COVID-19 Guidance

COVID-19 Guidance

This framework is guided by the following principles:

Guidelines for Safe In-Person Instruction

No single action or set of actions will completely eliminate the risk of COVID-19 transmission, but taken together, the following health and safety recommendations can greatly reduce that risk. This information represents district guidance as of August 2022 and will be updated as new information becomes available.

Staying Up To Date on Vaccinations

Staying up to date on routine vaccinations is essential to prevent illness from many different infections. Vaccines reduce the risk of infection by working with the body’s natural defenses to help safely develop immunity to disease. For COVID-19, staying up to date with COVID-19 vaccinations is the leading public health strategy to prevent severe disease. Not only does it provide individual-level protection, but high vaccination coverage reduces the burden of COVID-19 on people, schools, healthcare systems, communities, and individuals who are not vaccinated or may not develop a strong immune response from the vaccines.

Staying Home When Sick

People with symptoms of infectious diseases, including COVID-19, influenza, respiratory syncytial virus (RSV), and gastrointestinal infections should stay home and get tested for COVID-19. People who are at risk for getting very sick with COVID-19 who test positive should consult with a healthcare provider right away for possible treatment, even if their symptoms are mild. Staying home when sick can lower the risk of spreading infectious diseases, including the virus that causes COVID-19, to other people. For more information on staying home when sick with COVID-19, including recommendations for mask use for people experiencing symptoms consistent with COVID-19, see Quarantine and Isolation.

Hand Hygiene and Respiratory Etiquette

Washing hands can prevent the spread of infectious diseases. Schools should teach and reinforce proper hand-washing to lower the risk of spreading viruses, including the virus that causes COVID-19. Schools should monitor and reinforce these behaviors, especially during key times in the day (for example, before and after eating and after recess) and should also provide adequate hand-washing supplies, including soap and water. If washing hands is not possible, schools should provide hand sanitizer containing at least 60% alcohol. Hand sanitizers should be stored up, away, and out of sight of younger children and should be used only with adult supervision for children ages 5 years and younger.Schools should teach and reinforce covering coughs and sneezes to help keep individuals from getting and spreading infectious diseases, including COVID-19.

Cleaning and Disinfection

Schools should clean surfaces at least once a day to reduce the risk of germs spreading by touching surfaces. If a facility has had a sick person or someone who tested positive for COVID-19 within the last 24 hours, the space should be cleaned and disinfected. For more information, see Cleaning and Disinfecting Your Facility.

COVID-19 Community Levels and Associated Prevention Strategies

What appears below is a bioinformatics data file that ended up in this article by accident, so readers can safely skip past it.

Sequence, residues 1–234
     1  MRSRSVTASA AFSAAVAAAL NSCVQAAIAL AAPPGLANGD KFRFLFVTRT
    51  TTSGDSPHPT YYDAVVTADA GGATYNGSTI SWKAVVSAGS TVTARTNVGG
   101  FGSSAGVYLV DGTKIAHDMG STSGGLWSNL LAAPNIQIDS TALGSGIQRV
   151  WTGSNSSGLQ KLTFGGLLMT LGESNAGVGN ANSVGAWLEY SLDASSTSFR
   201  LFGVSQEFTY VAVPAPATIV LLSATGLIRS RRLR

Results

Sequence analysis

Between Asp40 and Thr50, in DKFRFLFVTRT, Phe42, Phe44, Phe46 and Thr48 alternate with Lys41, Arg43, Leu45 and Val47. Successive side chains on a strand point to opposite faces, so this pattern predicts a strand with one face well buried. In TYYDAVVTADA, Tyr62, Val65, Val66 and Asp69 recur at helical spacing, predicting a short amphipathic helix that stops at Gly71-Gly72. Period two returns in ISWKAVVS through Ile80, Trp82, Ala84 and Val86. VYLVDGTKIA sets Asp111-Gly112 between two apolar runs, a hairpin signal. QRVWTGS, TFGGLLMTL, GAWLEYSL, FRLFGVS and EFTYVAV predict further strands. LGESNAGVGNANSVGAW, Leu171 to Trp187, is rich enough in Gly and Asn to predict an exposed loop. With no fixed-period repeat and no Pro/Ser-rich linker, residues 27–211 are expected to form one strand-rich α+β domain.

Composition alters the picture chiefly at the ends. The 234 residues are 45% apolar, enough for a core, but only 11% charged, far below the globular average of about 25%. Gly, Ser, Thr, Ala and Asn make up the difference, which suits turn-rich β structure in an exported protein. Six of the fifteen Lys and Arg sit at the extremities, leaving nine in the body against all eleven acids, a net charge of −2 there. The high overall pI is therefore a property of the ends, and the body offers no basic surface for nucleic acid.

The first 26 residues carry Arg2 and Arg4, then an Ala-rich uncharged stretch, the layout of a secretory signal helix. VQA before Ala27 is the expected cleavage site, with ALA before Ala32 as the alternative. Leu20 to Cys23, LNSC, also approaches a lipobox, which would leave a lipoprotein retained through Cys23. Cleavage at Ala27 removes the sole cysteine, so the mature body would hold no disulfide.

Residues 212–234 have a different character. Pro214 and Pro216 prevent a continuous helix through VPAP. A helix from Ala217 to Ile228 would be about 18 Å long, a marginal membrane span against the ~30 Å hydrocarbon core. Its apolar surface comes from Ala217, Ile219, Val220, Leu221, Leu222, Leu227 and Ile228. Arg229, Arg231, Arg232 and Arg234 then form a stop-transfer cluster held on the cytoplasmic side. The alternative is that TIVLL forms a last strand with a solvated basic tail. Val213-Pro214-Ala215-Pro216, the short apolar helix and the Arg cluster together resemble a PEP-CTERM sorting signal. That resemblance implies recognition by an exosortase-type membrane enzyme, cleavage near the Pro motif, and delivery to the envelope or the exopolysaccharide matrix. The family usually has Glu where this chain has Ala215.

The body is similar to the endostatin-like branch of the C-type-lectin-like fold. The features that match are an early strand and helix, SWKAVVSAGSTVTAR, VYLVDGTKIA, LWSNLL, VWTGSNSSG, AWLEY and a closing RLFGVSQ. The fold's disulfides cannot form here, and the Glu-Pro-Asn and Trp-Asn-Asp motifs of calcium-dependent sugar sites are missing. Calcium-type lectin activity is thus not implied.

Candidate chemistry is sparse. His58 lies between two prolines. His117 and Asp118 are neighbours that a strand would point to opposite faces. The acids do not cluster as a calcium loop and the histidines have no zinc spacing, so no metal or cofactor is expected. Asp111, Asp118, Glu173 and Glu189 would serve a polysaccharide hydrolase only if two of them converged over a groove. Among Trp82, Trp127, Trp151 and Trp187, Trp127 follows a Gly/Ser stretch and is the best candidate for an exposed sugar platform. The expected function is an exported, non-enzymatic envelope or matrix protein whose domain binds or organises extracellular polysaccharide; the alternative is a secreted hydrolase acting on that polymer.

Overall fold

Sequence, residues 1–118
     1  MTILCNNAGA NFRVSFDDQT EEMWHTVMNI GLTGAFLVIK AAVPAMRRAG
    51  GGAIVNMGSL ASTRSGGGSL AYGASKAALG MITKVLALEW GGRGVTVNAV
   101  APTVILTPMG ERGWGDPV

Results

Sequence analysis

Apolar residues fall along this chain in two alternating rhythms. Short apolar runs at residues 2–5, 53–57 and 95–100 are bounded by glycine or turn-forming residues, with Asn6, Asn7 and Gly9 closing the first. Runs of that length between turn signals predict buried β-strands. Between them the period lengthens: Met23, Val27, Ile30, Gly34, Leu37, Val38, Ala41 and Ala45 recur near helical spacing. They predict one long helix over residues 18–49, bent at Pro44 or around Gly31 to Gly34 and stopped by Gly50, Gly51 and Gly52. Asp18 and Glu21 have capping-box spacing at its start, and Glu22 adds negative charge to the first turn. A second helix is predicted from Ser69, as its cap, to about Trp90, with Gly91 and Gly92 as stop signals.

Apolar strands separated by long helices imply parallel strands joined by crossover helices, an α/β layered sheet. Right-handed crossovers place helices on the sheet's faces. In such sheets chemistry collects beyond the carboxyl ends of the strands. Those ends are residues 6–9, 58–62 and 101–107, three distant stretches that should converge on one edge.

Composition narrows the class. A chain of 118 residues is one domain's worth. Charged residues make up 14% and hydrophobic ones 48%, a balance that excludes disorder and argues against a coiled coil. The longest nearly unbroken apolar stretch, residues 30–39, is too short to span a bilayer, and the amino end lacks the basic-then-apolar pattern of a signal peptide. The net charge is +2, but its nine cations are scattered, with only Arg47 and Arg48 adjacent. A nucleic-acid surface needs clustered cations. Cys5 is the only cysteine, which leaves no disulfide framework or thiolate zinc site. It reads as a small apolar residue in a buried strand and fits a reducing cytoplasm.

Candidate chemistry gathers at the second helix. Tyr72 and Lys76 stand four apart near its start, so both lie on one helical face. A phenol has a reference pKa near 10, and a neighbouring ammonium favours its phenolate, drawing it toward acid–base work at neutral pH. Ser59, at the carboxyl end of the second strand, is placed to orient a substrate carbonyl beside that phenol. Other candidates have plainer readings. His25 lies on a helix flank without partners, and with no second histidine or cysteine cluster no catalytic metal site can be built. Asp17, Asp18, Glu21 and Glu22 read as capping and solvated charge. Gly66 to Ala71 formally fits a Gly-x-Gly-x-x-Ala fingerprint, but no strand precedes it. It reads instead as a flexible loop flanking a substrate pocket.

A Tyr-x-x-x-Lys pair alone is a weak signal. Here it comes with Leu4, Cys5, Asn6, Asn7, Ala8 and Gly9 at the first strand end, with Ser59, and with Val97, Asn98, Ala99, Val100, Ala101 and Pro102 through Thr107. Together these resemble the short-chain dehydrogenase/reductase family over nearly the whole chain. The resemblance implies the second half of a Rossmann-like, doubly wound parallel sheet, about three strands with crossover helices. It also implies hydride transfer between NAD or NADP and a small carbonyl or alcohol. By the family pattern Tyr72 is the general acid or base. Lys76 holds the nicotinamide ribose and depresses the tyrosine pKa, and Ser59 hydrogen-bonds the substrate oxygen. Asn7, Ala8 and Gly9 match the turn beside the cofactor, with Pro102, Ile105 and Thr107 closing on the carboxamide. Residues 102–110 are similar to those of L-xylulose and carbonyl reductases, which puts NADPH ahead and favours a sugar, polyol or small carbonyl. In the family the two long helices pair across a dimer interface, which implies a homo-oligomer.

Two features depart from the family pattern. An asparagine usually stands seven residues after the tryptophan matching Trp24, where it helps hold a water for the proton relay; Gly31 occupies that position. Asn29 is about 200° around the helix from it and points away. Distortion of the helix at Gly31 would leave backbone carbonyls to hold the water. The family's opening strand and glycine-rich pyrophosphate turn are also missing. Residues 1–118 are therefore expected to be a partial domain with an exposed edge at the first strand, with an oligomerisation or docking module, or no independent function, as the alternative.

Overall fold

CDC’s COVID-19 Community Levels help communities and individuals make decisions on what COVID-19 prevention strategies to use based on whether their community is classified as low, medium, or high. When the COVID-19 Community Level indicates an increase, particularly if the level is medium or high, schools should consider adding layered prevention strategies, described below, to maintain safe, in-person learning and keep schools safely open.

If a school is experiencing a COVID-19 outbreak, they should consider adding prevention strategies regardless of the COVID-19 Community Level.

With decreasing or low COVID-19 Community Levels, schools can consider removing prevention strategies one at a time, followed by close monitoring of the COVID-19 Community Level in the weeks that follow.


Masks will remain optional in RSU 40 schools until or unless the State of Maine and/or the Maine Department of Education declares a health emergency. However, masks are required indoors for days 6 through 10 for individuals testing positive for COVID-19 upon returning from isolation.

Wearing a well-fitting mask consistently and correctly reduces the risk of spreading the virus that causes COVID-19. Universal indoor mask use is recommended at a high COVID-19 Community Level.

Anyone who chooses to wear a mask should be supported in their decision to do so at any COVID-19 Community Level, including low. At a medium COVID-19 Community Level, people who are immunocompromised or at risk for getting very sick with COVID-19 should talk to their healthcare provider about the need to wear a mask and take other precautions (for example, avoiding high-risk activities). Since wearing masks or respirators can prevent spread of COVID-19, people who have a household or social contact with someone at risk for getting very sick with COVID-19 (for example, a student with a sibling who is at risk) may also choose to wear a mask when the COVID-19 Community Level is medium. Schools should consider flexible, non-punitive policies and practices to support individuals who choose to wear masks regardless of the COVID-19 Community Level.

At a high COVID-19 Community Level, universal indoor masking in schools is recommended, as it is in the community at-large. When the COVID-19 Community Level is high, people at risk for getting very sick with COVID-19 should also wear masks or respirators that provide greater protection, such as N95s or KN95s.